The Terrifying Breakup With My Eating Disorder

Life is not easy. Life has never been easy. But the absence of discomfort is the absence of life itself. Life with a buffer is no life at all,

Sometimes inhaling is like a sharp knife in my lungs. Reality; cold and icy, stabbing deeper into my chest with every breath. I can feel my pulsing heart, every restless thought. There’s release in the discomfort, an absolution, an immediacy that I have long denied myself.

It’s hard to know the exact moment when I became too overwhelmed to function in the world. It may have been when I was twelve, but it might have been before then. I do know that there was a time when life was a delight and the world seemed to offer only wonderful new experiences.

I’m a thinker, a feeler. I am doomed feel the shit out of every part of my life. And when life brought tragedy to my doorstep, it was too much. I needed solace, I needed a safe place, and I found it in food. My life was out of control, but I’ll be damned if I didn’t have complete control over when and if and how much food I would put into my body.

The irony, of course, is that food, either the absence or the excess of it, began controlling me. My eating disorder was a cancer that consumed me, and I wasted away while I told myself that I was empowered.

An eating disorder is a jealous mistress, and she demands all of your time and attention. She separates you from former friends and loved ones with an aching inevitability, until one day you look around and realize how alone you have become. When you’re in a committed relationship with your eating disorder, all you have are your private binges, your private purges, and your private abhorrence at what you have become.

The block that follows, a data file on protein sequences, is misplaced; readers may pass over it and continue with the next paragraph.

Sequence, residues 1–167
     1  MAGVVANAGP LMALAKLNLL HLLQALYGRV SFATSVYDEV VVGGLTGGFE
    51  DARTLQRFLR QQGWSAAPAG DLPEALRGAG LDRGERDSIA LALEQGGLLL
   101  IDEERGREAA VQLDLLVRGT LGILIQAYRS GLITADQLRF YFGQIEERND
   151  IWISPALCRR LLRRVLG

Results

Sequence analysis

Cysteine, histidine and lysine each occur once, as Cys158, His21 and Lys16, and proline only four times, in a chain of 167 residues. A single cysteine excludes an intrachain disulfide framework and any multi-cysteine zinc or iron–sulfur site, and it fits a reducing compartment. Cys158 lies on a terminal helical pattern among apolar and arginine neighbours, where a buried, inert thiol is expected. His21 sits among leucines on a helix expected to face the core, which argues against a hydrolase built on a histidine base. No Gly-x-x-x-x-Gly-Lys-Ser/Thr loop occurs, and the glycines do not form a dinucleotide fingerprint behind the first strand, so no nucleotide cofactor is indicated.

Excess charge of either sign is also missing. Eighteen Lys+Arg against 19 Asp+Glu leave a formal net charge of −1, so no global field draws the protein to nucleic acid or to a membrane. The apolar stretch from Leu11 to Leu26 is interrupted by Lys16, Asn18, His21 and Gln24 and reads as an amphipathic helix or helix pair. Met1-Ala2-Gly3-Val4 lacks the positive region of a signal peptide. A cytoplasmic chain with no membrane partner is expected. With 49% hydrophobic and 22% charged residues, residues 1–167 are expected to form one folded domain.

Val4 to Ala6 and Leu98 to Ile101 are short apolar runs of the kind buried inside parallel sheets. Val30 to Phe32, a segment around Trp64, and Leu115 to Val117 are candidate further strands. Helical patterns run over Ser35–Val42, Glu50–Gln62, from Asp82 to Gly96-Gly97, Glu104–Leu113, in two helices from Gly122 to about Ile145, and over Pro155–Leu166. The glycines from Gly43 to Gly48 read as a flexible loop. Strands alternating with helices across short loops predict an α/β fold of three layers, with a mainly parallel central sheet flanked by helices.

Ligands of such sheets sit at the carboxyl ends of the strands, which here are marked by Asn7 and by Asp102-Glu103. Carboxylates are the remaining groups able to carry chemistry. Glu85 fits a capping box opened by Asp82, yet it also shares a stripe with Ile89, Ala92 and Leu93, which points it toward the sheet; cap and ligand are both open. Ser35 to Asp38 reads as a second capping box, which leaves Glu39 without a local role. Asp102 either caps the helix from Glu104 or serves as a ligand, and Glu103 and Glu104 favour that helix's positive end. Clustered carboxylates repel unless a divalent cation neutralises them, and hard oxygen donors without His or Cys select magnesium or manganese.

Saying goodbye to my eating disorder might have been the most terrifying thing I’ve ever done. To confront my feelings, to confront the world around me without my private, shameful form of stability is like learning to walk again. You have to reconstruct yourself from the ground up, you have to decide who you are without an addiction. You have to learn to love yourself, not in spite of your flaws, but because of them. You have to remind yourself over and over again that you are a whole human being who deserves love, and deserves not to live a life of private shame.

Life without an eating disorder is difficult, it is not a walk through the park on a sunny day. It’s sweat, it’s tears, it’s deciding to live in reality every day. And every single day it is worth it. Thought Catalog Logo Mark

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